Benson Farb imagines mathematics transformation through collaboration.
Laboratories are a mainstay of experimental science. Mathematics professor Benson Farb, who studies geometry and topology, argues that mathematicians should have that explorative and collaborative experience as well, in a common physical and intellectual space: a math laboratory.
This type of collaboration exists in a few institutes, like the Mathematical Sciences Research Institute in Berkeley, California, but has not yet been incorporated by universities. In an educational environment, says Farb, math laboratories could change the way math is researched and taught, which in turn would have a ripple effect. “Every other science is infused with math, uses the language of math. The underlying way we understand the world is via mathematics.”
Historically, mathematics was a solitary effort, but “in the last 30 years, math has become much more collaborative, has undergone a paradigm shift,” says Farb. The culture of math research has always included sharing ideas, but with advances in communication—email, document-sharing platforms, social media—researchers find it easier to connect with colleagues, continuing to work together after a conference, for instance.
Farb thinks collaboration could be facilitated even more. “Wouldn’t it be great to have something like a lab, where a bunch of professors, perhaps a physicist, a mathematician, or a biologist have offices in one location with space for graduates, undergraduates, and postdocs and a central place where everyone could meet and hang out?” They would benefit from “open doors,” physically and psychologically.
Ideally, professors would have a second office in a math lab, where they would devote their energies to a central project. Faculty, students, and postdoctoral fellows would contribute, and the department would also invite experts from outside the University to visit the lab, join the group, present research, and interact with students. They might stay a week, a month, or several months, as a mathematician or scientist-in-residence.
Mathematics department chair Shmuel Weinberger shares Farb’s enthusiasm. While there’s much work to be done, like securing space and funding for researchers-in-residence, a few possible University math laboratories have been considered. Weinberger has proposed one focusing on geometry, complexity, and theoretical pure science. Professor Amie Wilkinson suggested a project on one of her specialties, dynamical systems, and Panagiotis Souganidis, Charles H. Swift Distinguished Service Professor, could lead a lab based on analysis and applied math.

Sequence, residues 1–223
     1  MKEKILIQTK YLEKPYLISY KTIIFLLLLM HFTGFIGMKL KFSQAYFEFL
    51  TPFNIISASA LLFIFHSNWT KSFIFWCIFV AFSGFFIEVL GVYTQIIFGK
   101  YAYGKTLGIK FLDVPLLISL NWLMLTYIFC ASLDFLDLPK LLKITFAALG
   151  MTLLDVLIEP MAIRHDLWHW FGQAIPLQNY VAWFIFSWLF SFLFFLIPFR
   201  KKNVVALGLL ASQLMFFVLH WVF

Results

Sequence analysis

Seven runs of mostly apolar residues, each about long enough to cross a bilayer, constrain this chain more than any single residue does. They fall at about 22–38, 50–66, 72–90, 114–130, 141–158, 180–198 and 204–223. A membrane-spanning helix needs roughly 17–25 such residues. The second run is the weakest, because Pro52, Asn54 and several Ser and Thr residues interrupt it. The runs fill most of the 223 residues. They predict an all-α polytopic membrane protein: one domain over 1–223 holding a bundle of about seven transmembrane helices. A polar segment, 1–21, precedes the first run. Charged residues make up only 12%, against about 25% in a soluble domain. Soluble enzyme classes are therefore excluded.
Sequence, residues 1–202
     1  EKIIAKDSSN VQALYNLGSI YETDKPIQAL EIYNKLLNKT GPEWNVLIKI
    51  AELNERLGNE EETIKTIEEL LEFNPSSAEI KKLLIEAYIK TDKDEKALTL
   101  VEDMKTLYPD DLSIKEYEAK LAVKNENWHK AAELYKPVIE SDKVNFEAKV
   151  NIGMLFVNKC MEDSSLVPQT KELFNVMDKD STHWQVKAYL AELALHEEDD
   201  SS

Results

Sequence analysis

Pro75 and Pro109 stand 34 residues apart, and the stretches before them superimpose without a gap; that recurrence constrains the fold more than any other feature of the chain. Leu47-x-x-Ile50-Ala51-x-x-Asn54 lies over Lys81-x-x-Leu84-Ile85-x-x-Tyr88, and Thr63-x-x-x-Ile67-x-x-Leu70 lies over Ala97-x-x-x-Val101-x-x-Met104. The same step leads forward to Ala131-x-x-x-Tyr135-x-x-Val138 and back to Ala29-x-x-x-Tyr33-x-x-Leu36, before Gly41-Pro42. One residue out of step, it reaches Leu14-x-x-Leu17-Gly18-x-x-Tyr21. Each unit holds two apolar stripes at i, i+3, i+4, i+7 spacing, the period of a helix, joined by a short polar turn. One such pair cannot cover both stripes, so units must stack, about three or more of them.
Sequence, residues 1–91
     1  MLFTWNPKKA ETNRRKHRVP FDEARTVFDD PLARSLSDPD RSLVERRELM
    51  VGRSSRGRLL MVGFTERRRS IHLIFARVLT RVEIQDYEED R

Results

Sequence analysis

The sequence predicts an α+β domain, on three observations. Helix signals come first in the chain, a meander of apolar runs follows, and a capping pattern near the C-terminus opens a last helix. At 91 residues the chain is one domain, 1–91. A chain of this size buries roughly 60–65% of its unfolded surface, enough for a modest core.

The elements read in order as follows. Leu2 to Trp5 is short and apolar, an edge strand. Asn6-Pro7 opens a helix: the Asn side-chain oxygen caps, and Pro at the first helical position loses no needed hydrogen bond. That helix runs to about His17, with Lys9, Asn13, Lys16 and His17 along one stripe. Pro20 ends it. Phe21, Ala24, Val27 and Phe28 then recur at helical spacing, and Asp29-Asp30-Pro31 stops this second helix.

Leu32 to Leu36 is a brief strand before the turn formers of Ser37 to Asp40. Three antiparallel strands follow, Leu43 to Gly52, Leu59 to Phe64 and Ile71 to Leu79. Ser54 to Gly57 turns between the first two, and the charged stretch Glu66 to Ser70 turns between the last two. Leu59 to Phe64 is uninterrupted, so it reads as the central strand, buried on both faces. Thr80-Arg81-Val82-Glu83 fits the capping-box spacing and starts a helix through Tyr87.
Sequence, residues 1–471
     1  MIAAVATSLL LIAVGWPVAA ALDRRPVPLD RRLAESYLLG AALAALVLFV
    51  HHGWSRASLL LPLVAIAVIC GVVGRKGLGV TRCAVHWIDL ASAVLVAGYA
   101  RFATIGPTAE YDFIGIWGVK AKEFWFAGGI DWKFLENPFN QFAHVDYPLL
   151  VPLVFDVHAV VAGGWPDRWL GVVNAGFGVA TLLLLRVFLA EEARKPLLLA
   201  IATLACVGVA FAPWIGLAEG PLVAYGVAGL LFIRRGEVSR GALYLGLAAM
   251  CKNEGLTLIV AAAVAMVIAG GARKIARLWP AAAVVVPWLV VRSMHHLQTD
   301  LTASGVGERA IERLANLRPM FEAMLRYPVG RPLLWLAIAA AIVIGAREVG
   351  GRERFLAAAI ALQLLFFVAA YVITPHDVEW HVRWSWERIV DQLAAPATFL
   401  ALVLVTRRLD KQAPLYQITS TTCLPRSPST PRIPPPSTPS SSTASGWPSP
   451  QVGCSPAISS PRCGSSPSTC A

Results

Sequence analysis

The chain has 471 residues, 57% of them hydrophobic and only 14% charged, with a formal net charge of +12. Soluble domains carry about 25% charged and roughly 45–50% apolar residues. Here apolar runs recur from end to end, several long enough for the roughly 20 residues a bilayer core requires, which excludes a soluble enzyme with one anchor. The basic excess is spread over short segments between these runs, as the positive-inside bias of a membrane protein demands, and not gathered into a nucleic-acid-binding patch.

You can’t just throw scientists and mathematicians together and expect a spark, though. Math labs “must start from the bottom up,” says Farb. Collaboration must already be in the works, around which a math lab can be built to throw fuel on that existing flame. Four years ago, Farb was working with then-doctoral student Thomas Church, SM’07, PhD’11, and University of Wisconsin professor Jordan Ellenberg when they discovered a pattern—a phenomenon they called representation stability. They found it all over the field of mathematics, says Farb. It would have been a perfect project for a math lab.
Such labs, Farb believes, will speed up problem solving and promote interdisciplinary research. Math labs will also bring students, particularly undergraduates, into the world of investigation. In the classroom, students “are not seeing me fail,” says Farb. “They’re seeing me present material that I already understand.” In math labs, they will see research being performed. They will see how mathematicians’ brains work, the methods they use to advance the field.
And the students will help the researchers. By asking questions, they help Farb pinpoint material he thinks he understands but actually doesn’t. “Chicago is the absolute perfect place for this to happen, because the students have infinite energy,” Farb says. “They would eat this up.” The researchers will bring the vision, and the students will provide the energy to sustain a math laboratory.
The department must still determine metrics of success, perhaps number of papers published or students recruited, but “we’re coming from a position of strength,” says Farb. “Our department is the best it’s been since the famous Stone Age in the early ’50s,” when chair Marshall Stone filled the department with the best mathematicians in every field. “Now is the time to be bold.”
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